6 min read

Week 1 Betting Trends that Matter

betting trends

Thursday night football and the first official NFL game that matters resulted in an impressive win by the Buffalo Bills to start the season. Many narratives and trends were shared across betting websites leading up to that game, stuff like:

  • Before Thursday, Sean McVay never had a losing record as the Rams head coach,
  • The Rams were 5-0 against the spread in five previous Week 1 games, and
  • The reigning Super Bowl champs were 14-7-1 ATS in Week 1 since 2000

None of those trends helped bettors. McVay officially has a losing record as the Rams head coach, the Rams are no longer undefeated ATS in week 1, and the reigning Super Bowl champion failed to get an ATS cover in their first regular season game the following season. And that’s the thing about trends: if you look hard enough, you can find information out there that supports your biases. This is called confirmation bias, a term we talk about often in the sports betting industry, where one searches for affirmative information to support their established belief systems. Try to play contrarian with your own brain; it’ll help more than it’ll hurt.

On the other hand, some Week 1 trends hold merit. Let’s take a look.

Super Bowl losers are 4-18 ATS (18% cover rate) since 2000 

This trend tells a brief story of human nature. Team A makes it to the big dance, with a shot at the Lombardi trophy, but they fall short. When the next season begins, evidently there’s some mental rust and other kinks to work through– that makes sense. For some squads, this would only be more motivation to come out on fire the following year. For the Bengals, that might be the case. After all, they take on the tenacious personality of their leader, Joe Burrow. We saw upticks on their offense and defense last season; it’s to be determined if it’s sustainable.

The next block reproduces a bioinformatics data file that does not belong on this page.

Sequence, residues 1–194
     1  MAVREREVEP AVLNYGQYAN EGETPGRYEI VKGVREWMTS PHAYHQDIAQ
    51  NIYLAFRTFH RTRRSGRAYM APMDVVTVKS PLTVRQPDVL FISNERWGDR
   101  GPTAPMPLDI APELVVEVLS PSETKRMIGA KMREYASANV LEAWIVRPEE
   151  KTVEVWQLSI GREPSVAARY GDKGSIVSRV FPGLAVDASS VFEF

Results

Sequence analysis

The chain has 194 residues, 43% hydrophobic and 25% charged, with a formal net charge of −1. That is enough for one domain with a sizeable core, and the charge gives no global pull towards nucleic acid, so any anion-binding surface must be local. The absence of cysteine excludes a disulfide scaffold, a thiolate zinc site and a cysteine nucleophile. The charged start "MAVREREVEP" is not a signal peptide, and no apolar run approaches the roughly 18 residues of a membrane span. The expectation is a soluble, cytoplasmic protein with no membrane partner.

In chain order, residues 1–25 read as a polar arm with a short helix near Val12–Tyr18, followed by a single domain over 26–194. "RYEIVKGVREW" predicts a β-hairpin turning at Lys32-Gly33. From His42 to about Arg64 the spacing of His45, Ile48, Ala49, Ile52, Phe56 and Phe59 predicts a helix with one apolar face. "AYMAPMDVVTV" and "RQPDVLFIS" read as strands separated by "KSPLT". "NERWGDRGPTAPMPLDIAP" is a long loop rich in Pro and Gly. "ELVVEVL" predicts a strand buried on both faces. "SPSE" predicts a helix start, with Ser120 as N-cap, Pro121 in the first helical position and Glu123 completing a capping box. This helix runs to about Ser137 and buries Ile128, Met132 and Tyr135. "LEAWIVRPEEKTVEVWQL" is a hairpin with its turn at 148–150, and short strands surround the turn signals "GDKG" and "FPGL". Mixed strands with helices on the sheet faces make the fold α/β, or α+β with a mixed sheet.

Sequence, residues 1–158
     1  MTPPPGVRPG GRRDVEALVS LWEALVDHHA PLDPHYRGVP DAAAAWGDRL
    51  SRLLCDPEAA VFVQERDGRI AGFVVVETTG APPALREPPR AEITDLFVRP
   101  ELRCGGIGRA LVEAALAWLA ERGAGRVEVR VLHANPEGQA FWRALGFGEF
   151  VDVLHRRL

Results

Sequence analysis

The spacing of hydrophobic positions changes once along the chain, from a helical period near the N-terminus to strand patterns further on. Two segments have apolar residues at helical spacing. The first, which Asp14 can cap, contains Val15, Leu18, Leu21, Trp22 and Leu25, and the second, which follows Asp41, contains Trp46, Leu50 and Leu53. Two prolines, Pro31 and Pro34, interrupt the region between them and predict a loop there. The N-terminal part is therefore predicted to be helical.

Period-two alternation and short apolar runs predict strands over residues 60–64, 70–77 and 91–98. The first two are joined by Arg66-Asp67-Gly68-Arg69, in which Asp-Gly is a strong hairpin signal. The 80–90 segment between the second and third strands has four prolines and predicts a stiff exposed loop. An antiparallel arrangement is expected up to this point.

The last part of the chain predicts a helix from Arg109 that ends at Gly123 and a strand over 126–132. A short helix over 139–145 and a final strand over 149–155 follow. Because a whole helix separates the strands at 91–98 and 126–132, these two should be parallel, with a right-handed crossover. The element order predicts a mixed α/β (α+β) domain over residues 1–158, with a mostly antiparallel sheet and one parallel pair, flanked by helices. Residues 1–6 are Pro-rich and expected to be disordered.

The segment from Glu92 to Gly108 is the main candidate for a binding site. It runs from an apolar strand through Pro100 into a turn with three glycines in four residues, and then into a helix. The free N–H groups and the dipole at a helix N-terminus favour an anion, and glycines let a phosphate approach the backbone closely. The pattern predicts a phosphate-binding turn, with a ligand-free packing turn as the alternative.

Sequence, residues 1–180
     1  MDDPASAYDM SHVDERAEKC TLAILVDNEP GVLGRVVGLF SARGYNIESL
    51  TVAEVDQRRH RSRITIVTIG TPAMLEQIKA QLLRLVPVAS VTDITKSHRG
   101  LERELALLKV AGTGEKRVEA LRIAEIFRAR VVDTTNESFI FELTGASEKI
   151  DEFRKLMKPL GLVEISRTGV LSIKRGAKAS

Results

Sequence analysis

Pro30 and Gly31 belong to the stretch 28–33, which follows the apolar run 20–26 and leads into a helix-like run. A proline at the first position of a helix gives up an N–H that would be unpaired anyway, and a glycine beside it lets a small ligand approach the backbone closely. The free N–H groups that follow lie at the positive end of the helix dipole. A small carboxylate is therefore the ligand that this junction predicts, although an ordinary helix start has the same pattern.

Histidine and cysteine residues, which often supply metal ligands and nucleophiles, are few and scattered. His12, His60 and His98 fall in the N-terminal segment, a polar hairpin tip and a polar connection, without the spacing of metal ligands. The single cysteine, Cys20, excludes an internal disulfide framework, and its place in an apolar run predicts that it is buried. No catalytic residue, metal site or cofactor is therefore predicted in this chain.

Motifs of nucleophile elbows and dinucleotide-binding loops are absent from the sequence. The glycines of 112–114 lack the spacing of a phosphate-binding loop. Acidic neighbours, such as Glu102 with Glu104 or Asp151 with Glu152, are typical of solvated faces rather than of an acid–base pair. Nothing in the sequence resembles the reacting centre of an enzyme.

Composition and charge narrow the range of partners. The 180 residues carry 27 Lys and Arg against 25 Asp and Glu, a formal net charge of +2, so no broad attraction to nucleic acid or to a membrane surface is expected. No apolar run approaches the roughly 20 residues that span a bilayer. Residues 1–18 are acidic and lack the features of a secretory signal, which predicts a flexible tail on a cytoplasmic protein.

What usually happens in Week 1 – and we think it’s happening again this year – is the Super Bowl loser tends to get overrated. This Sunday Cincinnati is 6.5-point favorites at home against their divisional rival, the Pittsburgh Steelers. Pittsburgh is coming off a year where they somehow made the playoffs, only to be decidedly eliminated in the Wild Card round by Kansas City. It was also the final year of Ben Roethlisberger’s long career as the Steelers’ quarterback. This season, Mike Tomlin’s team ushers in a new era. Mitch Trubisky looks to resurrect his career as Pittsburgh’s quarterback in a blue-collar city that feels right for the North Carolina grad, and their defense is as formidable and dangerous as it’s ever been.

Mike Tomlin is also 14-6 ATS (70%) against divisional opponents on the road. Of course, most of those games were in Pittsburgh’s glory years, but something tells me the Steelers will come out swinging like they did last year in Week 1. Don’t be surprised if this is a much closer game than the sportsbooks think.

Road underdogs that did not make the playoffs the previous year are 73-46-4 ATS in Week 1 (59% cover rate) – teams that qualify: Giants, Jaguars, Browns